At the turn of the year 2005, a new album was expected, but David Koller, Robert Kodym, and P.B.CH. began to diverge musically, and these differences climaxed with Koller's departure from the band. "I found out about his departure just like anyone else, from the Czech News Agency," said Kodym. The media speculated on the breakup of the group, and its future was uncertain. On 23 February 2011, the band in its best-known incarnation (Dvořák, Kodym, Koller, P.B.CH.) took part in the 20th annual Anděl Awards (Anděl 2010), gathering on stage together in order to receive the title Best Album in Twenty Years (Černý kočky mokrý žáby, accepted by Koller and Dvořák), Best Band in Twenty Years (Kodym and P.B.CH. went to receive it and were joined by Koller and Dvořák), and finally, Best Artist in Twenty Years (received by the whole band). At the end of 2011, Kodym stated that he did not rule out the possibility of Lucie's return to the stage. The other members confirmed a possible return. This reunion was anticipated to take place in 2013 — 2014. A private concert was held on 7 December 2012 in Prague's Rudolfinum auditorium, this being the first time in almost 10 years that the band performed on the same stage in its most notable lineup . Two days later, Lucie officially confirmed that they would be "rehearsing" together in the spring of 2013 during Kapka naděje charity concerts. Kapka naděje is a charity fund organized to help sick children, especially those suffering from hemopoiesis, cancer, and children whose disease requires bone marrow transplants.[2]

A new studio album, EvoLucie, was released on 9 November 2018, and the band went on the road to promote it with an indoor tour of the Czech Republic and Slovakia.[3]

Band membersEdit

Current membersEdit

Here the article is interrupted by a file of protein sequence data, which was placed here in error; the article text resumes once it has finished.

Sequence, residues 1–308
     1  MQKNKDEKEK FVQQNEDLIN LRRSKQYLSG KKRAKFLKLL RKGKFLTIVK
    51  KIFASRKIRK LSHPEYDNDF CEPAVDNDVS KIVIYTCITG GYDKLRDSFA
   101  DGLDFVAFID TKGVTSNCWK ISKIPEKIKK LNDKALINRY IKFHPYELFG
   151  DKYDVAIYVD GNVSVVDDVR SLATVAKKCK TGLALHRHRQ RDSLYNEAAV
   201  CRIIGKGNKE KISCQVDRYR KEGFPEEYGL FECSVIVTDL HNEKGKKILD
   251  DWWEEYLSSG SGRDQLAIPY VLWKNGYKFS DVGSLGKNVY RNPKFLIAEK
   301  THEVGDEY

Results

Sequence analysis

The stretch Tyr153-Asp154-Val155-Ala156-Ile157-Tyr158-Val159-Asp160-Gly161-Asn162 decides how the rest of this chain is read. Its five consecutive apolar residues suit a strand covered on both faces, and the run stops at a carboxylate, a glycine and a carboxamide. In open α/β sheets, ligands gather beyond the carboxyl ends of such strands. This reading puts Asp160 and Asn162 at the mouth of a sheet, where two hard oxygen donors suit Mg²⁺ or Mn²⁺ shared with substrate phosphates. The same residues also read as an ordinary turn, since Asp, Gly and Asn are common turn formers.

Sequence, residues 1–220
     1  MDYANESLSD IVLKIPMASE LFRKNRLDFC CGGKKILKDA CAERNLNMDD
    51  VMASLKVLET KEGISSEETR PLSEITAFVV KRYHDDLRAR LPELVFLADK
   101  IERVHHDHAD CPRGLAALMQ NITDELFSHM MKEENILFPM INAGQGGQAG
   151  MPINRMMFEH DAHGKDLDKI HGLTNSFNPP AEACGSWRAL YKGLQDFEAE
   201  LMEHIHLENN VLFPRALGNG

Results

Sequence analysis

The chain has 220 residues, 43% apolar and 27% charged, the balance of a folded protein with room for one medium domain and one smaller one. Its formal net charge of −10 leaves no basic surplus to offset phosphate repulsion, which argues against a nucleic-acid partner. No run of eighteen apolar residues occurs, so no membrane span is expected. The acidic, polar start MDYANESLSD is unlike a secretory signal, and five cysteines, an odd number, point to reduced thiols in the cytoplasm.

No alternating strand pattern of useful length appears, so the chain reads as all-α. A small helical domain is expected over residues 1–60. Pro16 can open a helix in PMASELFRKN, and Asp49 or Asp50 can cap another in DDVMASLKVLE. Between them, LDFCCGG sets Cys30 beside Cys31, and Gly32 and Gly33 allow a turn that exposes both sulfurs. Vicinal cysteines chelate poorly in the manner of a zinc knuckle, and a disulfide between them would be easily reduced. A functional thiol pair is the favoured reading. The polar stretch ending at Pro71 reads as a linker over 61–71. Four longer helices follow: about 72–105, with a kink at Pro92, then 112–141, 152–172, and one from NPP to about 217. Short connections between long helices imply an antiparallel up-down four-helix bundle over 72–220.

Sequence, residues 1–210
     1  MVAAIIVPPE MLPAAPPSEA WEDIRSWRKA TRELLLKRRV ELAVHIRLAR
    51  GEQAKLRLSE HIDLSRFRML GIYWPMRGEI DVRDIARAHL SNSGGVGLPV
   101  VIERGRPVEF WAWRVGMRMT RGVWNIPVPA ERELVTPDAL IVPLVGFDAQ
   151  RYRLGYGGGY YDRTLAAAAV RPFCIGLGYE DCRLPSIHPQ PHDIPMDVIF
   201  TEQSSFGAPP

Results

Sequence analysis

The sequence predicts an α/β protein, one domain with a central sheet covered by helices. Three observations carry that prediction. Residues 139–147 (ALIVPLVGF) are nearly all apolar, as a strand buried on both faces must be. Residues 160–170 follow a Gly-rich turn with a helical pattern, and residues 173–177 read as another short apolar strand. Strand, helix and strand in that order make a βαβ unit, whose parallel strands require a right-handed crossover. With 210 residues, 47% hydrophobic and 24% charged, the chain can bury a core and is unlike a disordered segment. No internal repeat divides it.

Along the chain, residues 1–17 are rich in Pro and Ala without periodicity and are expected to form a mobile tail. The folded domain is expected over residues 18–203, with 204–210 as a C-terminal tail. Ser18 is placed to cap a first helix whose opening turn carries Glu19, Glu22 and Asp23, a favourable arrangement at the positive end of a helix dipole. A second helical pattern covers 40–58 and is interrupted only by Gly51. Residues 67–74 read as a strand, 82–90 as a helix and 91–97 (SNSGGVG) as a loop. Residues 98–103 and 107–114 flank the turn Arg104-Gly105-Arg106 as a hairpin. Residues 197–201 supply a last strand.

• Robert Kodym – guitars, vocals
  • P.B.CH. – bass guitar
  • David Koller – drums, vocals, acoustic guitars
  • Michal Dvořák – keyboards, synthesizers

Touring membersEdit

  • Adam Koller – drums
  • Lenka Dusilová – guitars, vocals

Past membersEdit

  • Marek Minárik – bass guitar
  • Michal Penk – vocals
  • Petr Franc – keyboards
  • Tomáš Waschinger – drums
  • Tomáš Marek – drums, percussion
  • Tomáš Vartecký – guitars
  • Pavel Plánka – percussion


Studio albumsEdit

  • Lucie (Tommü Records; re-issued by B&M Music, 1990)
  • In the Sky (Gang Records; re-issued by B&M Music, 1991)
  • Černý kočky mokrý žáby (B&M Music, 1994)
  • Pohyby (B&M Music, 1996)
  • Větší než malé množství lásky (B&M Music, 1998)
  • Slunečnice (B&M Music, 2000)
  • Dobrá kočzka která nemlsá (B&M Music / Universal Music, 2002)
  • EvoLucie (2018)

Compilation albumsEdit

  • Vše nejlepší 88–99 (B&M Music, 1999)
  • The best of (Universal Music, 2009)
  • Platinum Combo 1990-2013 (Universal Music, 2013)

Live albumsEdit

  • Lucie Live! red and blue albums (2CD) (Gang Records 1992; re-issued by B&M Music, 1998)
  • Lucie v opeře 2CD (Sony BMG, 2003)


  • "Pár fíglů" (Supraphon, 1988) (B-side: "To jsem já")
  • "Dotknu se ohně" (Supraphon, 1989) (B-side: "Nech to stát")
  • "Troubit na trumpety by se nám líbilo" (Supraphon, 1989)
  • "Amerika" (1994)
  • "Všechno ti dávám" (1996)
  • "Klobouk ve křoví" (1997)
  • "Pohyby" (1997)
  • "Svítání" (1998)
  • "Panic" (1998)
  • "Medvídek / Svítání" (1998)
  • "Mít tě sám (Remaster '99) / Šrouby do hlavy (Remaster '99)" (1999)
  • "Zakousnutej do tebe" (2001)
  • "Hvězda (radio edit)" (2001)
  • "Srdce" (2002)
  • "Pod měděným nebem" (2003)
  • "Medvídek 2016" (2015)

Video albumsEdit

  • Obrazohled aneb daleká cesta VHS (B&M Music, 1998)
  • Pohyby – live DVD (B&M Music, 1998)
  • Lucie v opeře DVD (Sony BMG, 2004)


  • Dědek, Honza. Lucie : šrouby do hlavy. Prague : HAK, 2000. 284 p. ISBN 80-85910-28-4.
  • Žďárská, Lucie. Můj život s Lucií, aneb pohled do zákulisí. Prague : Hart, 2001. 168 p. ISBN 80-86529-25-8.


  • Bratislavská lyra (cs) - Silver prize for "Mít tě sám" (1990)[4]


  1. ^ Jan Velinger, "Lucie - One of the Definitive Czech Bands of the '90s", Radio Praha, 30 November 2008
  2. ^ Ian Willoughby, "Lucie Perform to 16,000 in First of Three Shows in Prague on Comeback Tour", Radio Praha, 11 June 2014
  3. ^ Ruth Fraňková, Libor Kukal, "Popular Czech Band Lucie Makes a Comeback", Radio Praha, 26 August 2018
  4. ^ "Zlatá lýra" [Golden Lyre]. (in Czech). 29 June 2018. Retrieved 24 March 2020.

External linksEdit